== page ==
24 pages 48 minutes read

Mark Twain

The War Prayer

Fiction | Short Story | Adult | Published in 1905

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Summary: “The War Prayer”

“The War Prayer” is a short story by Mark Twain. Written in 1905, the story remained unpublished in his lifetime, not appearing in print until 1916. Twain is widely regarded as one of America’s greatest writers and is best known for works like The Adventures of Tom Sawyer (1876) and Adventures of Huckleberry Finn (1885). Twain’s output was prolific and included novels, short stories, articles, essays, speeches, and criticism.

“The War Prayer” is primarily set in a church, where a minister prays for victory as a country prepares for war. A mysterious stranger arrives urging the congregation to consider the true meaning of their prayer. The story was likely written as a reaction to the Spanish-American and Philippine-American Wars, employing Twain’s hallmark satire to tackle themes of nationalism, religious hypocrisy, and war. This guide refers to the text of “The War Prayer” found in the Project Gutenberg edition of a collection of Twain’s writing called Europe and Elsewhere (1923).

The story opens in an unnamed country preparing to send soldiers to war. The mood is one of excitement and celebration, marked by bands, military parades, and fireworks. In this environment, few people acknowledge the consequences of war, and the handful who do are quickly dismissed. The narrator says, “the half dozen rash spirits that ventured to disapprove of the war […] got such a stern and angry warning that for their personal safety’s sake they quickly shrank out of sight and offended no more in that way” (Paragraph 1).

On Sunday morning, the day before troops ship out, a church is packed with soldiers who dream of action and glory. They dream of returning home as heroes. Their families and other community members, proud of the soldiers’ service and sacrifice, are also gathered there. The liturgy centers on war, with Old Testament verses about war being read and a recitation uttered in unison by the congregation calling upon God’s wrath. The minister asks God to “watch over our noble young soldiers, and aid, comfort, and encourage them in their patriotic work,” adding “help them to crush the foe, grant to them and to their flag and country imperishable honor and glory” (Paragraph 3).

As the minister prays, an “aged stranger” enters the church and makes his way to the front of the sanctuary (Paragraph 4). He stands next to the minister, who has his eyes closed while praying and does not realize the stranger is there. The prayer ends with the minister asking God, “Protector of our land and flag” (Paragraph 4), to grant the country victory. At that point, the minister opens his eyes and is surprised by the stranger standing beside him. The stranger motions for the minister to step aside, and the minister does, allowing the stranger to speak.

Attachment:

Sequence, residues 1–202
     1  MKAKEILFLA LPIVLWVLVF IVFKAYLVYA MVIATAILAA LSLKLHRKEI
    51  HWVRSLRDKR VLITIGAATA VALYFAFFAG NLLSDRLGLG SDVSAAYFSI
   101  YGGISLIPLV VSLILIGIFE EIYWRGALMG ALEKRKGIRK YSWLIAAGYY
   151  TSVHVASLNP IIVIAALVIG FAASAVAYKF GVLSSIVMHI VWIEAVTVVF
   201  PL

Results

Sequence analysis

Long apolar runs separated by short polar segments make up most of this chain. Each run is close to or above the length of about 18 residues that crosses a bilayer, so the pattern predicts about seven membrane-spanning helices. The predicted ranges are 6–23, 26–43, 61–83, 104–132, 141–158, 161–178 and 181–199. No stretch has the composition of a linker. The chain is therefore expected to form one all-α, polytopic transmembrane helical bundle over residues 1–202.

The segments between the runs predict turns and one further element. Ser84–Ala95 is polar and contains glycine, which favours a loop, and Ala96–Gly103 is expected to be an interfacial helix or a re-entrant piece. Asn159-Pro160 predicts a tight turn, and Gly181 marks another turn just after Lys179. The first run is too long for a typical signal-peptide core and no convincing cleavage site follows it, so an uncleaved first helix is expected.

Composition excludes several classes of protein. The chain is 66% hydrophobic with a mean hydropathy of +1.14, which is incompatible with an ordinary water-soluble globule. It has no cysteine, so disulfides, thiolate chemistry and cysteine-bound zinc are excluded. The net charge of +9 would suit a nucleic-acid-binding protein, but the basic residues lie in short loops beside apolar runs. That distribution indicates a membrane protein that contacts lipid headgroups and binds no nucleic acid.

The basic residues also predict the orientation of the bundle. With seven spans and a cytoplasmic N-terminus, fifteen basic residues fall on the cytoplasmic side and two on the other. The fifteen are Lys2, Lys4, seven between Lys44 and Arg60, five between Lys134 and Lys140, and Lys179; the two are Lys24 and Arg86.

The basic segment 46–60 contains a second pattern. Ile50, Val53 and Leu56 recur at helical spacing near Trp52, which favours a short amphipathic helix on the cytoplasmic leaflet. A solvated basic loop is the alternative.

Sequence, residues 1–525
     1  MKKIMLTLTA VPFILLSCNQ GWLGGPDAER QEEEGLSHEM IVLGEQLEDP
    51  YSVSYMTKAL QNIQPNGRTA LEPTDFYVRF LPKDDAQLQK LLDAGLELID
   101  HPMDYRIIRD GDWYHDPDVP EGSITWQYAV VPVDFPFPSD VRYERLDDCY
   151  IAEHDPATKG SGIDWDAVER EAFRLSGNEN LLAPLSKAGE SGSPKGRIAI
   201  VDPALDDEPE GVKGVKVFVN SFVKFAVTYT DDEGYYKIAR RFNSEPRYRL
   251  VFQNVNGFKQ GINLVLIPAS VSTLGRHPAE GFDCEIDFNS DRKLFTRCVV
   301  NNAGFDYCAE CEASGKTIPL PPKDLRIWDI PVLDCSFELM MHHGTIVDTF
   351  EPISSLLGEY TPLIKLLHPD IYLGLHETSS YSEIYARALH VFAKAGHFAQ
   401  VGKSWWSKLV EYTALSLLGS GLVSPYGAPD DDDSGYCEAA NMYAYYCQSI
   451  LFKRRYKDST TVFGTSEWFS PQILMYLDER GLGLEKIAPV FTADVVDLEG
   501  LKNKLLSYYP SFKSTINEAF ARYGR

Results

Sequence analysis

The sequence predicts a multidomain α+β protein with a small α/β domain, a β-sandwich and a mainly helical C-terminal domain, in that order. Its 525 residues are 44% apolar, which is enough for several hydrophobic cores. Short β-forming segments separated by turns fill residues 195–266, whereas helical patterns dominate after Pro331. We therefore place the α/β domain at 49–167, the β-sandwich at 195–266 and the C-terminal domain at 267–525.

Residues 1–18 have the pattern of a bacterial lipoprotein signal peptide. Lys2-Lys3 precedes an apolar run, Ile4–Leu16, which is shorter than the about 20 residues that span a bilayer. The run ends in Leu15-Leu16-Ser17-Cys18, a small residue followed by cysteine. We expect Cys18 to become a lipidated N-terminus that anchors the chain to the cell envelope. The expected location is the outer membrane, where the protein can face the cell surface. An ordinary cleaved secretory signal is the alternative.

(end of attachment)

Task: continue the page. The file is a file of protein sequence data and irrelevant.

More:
The stranger proclaims to the congregation, “I come from the Throne—bearing a message from Almighty God” (Paragraph 6). He explains that the minister’s prayer was really two prayers, “the spoken and the unspoken” (Paragraph 7), and the stranger’s job is to speak the unspoken parts. The stranger clarifies his point with the analogy, “If you pray for the blessing of rain upon your crop which needs it, by that act you are possibly praying for a curse upon some neighbor’s crop which may not need rain and can be injured by it” (Paragraph 7). In other words, by praying for victory for themselves, the church is also praying for injury to others.

The stranger proceeds to speak the unspoken part of the minister’s prayer. “O Lord our God, help us to tear their soldiers to bloody shreds with our shells” (Paragraph 9), the stranger says the church has prayed. The stranger continues, saying the church prayed for the destruction of their enemies’ homes and for their women and children to be left homeless, starving, and left wandering as refugees. According to the stranger, the church asked God to “blight their lives, protract their bitter pilgrimage, make heavy their steps, water their way with their tears, stain the white snow with the blood of their wounded feet” (Paragraph 9). He mockingly adds that they have prayed for these things “in the spirit of love” (Paragraph 9). As the stranger finishes, he asks the church if they still desire for God to hear their prayer. The story ends with the church not understanding the stranger’s message and dismissing him as “a lunatic” (Paragraph 11).

In the early years of the United States’ wars in Afghanistan and Iraq, Twain’s story received renewed attention due to its anti-war message. In 2006, the story was adapted into an animated short by journalist Markos Kounalakis. A 2007 live-action short film adaptation, starring actor Jeremy Sisto as the stranger, takes place on March 20, 2003, the day after the United States invaded Iraq.